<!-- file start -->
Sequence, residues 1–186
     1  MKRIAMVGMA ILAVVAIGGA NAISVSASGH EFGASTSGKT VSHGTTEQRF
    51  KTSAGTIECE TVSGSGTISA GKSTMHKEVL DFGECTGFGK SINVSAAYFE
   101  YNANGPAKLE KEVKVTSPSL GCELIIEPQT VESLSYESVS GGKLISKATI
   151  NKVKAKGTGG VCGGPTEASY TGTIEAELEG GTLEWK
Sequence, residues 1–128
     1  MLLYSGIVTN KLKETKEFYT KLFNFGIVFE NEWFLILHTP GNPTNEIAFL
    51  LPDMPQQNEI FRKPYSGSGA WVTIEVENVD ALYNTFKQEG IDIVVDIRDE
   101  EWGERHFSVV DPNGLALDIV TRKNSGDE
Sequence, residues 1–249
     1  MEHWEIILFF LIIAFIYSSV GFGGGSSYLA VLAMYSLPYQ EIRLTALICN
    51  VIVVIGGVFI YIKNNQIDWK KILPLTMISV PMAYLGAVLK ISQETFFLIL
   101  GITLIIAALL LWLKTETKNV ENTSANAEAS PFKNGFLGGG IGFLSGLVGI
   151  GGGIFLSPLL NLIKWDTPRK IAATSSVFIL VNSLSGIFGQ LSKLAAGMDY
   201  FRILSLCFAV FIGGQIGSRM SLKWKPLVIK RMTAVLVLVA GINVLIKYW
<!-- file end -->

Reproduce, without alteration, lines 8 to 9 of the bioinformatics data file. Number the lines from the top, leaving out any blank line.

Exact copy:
    51  LPDMPQQNEI FRKPYSGSGA WVTIEVENVD ALYNTFKQEG IDIVVDIRDE
   101  EWGERHFSVV DPNGLALDIV TRKNSGDE